Well put, Stan. Some people are cut to work at home and others are not. It is privilege that should be easy to take away and hard-earned to get. I think sometimes the focus should be on individuals and the nature of the work versus letting telecommuting somehow define the company culture.
I think there are substabntial differences between a company using channel partners and company using IT services. The biggest one is service providers - cloud vendors for example - are in charge of the quality and reliability of those services. Often channel partners with the exception of value added-resellers are passing through the same product as the company would sell directly. There are similarities, too, but IT service providers wield a lot more influence (and can do lot more damage) than the vast majority of channel partners.
The IT services company is integral partner. Channel partners can come and go without a whole lot of damage.
I'm lukewarm on the 'you're either in or or out' angle....that she might be trying to weed out true talent from the laggards by making everyone come into the office. Mediocre employees will remain if the bar is set just to whoever comes into the office.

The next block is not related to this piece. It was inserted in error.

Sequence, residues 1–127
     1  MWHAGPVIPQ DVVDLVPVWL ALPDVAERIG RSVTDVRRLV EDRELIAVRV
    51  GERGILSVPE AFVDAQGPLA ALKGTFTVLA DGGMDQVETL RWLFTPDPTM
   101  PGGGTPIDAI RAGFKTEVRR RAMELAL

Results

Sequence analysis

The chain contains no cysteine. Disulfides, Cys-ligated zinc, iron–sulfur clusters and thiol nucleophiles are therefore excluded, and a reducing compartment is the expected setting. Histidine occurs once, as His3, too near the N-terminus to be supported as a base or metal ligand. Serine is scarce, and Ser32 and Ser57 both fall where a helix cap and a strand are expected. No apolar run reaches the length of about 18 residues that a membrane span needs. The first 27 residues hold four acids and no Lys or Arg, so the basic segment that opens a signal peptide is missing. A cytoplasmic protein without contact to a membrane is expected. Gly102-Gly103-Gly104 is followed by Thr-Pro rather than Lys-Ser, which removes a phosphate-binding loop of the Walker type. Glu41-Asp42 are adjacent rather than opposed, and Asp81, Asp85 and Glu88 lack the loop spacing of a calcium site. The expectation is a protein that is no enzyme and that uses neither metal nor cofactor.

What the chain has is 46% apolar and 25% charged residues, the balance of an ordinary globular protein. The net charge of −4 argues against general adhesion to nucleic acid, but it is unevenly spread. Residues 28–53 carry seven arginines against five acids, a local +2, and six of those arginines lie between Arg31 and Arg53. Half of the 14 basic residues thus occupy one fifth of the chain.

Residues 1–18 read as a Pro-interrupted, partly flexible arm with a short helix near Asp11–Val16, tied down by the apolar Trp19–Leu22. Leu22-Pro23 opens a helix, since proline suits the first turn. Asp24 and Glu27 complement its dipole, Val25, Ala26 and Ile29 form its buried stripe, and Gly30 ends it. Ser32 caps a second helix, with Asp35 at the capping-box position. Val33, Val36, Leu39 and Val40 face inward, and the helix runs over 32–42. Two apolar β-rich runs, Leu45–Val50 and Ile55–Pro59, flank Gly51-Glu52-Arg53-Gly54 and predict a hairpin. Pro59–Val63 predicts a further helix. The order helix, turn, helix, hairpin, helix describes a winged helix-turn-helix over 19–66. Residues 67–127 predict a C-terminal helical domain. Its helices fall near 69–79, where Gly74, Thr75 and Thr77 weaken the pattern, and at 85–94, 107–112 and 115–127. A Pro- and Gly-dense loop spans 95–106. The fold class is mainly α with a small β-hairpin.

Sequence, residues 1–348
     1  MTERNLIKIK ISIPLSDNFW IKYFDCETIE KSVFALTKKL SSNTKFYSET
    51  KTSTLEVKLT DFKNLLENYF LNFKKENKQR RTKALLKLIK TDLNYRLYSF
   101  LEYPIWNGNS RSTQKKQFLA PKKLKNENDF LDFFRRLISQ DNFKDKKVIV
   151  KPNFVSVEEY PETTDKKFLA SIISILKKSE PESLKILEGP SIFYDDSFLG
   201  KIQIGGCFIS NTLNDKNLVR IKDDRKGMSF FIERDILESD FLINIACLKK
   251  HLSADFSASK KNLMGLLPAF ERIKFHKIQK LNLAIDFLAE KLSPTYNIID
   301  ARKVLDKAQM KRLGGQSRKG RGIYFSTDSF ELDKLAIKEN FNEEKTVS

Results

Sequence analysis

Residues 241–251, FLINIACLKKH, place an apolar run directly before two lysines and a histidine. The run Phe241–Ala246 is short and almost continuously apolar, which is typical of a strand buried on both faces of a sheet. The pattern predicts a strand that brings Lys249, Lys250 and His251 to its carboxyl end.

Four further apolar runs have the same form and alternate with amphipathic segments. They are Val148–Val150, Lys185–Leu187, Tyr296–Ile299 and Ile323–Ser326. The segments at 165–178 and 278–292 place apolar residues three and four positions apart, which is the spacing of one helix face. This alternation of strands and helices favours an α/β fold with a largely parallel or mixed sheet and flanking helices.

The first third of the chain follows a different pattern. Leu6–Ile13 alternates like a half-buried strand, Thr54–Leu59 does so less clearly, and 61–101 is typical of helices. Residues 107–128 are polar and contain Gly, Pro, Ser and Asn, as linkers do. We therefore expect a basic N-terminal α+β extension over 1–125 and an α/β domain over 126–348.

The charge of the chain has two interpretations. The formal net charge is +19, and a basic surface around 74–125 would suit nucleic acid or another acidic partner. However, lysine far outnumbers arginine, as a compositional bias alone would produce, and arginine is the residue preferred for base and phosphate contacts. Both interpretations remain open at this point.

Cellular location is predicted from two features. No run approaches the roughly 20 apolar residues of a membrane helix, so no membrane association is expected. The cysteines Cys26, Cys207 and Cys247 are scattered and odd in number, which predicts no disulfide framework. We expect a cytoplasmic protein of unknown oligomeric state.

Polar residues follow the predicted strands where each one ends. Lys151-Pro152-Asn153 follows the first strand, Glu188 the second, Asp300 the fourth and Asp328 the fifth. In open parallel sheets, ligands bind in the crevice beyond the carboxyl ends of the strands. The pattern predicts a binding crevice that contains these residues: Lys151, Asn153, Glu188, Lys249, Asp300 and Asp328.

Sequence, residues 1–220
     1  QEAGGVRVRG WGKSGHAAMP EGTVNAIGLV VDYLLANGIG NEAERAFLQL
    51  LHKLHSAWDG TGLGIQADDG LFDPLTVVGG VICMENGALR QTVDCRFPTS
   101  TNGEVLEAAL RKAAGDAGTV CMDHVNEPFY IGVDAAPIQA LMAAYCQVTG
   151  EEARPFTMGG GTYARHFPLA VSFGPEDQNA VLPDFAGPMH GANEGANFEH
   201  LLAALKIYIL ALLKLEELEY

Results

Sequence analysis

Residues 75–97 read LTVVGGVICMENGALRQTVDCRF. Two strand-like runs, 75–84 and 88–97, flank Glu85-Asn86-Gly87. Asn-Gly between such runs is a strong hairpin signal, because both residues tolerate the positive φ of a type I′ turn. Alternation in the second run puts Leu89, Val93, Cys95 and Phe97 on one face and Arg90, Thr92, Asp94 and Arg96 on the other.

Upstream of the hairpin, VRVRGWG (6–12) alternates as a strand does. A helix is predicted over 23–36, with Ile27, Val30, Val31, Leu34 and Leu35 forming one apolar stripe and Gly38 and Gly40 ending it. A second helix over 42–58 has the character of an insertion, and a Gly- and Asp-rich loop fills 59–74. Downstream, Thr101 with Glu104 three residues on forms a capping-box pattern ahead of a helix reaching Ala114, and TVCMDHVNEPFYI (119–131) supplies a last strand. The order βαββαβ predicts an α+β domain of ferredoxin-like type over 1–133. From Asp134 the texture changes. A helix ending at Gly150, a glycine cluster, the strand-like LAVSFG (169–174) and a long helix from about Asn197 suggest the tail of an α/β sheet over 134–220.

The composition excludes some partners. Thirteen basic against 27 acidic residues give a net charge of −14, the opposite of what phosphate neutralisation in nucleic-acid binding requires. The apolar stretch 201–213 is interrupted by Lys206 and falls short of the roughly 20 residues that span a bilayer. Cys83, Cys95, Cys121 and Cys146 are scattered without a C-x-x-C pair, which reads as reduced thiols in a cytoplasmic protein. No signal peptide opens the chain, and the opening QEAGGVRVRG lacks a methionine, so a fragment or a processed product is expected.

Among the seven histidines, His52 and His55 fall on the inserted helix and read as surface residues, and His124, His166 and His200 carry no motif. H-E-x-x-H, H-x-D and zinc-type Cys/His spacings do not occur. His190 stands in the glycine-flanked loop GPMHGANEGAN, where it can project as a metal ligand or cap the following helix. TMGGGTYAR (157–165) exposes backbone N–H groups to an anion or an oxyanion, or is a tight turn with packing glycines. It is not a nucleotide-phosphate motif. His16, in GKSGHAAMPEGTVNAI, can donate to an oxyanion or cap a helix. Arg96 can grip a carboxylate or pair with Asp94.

My sense is she thought a lot of employees were screwing off at home and not focused on work. And I will take the idea at face value that face-to-face collaboration results in a more productive employee. And a gathered can march more in step as a team than one spread out out all over the place. There's some real credence to this argument....
I am not impressed that she hangs out with Matt Lauer. The Today Show lost relevance years ago when it stopped doing news.
There is not a sales manager anywhere who's going care a wit about the hours put in by a sales person who consistently beats their number. Those deliverables are singular and clear. Where deliverables are less clear is where telecommuting might get dicey.
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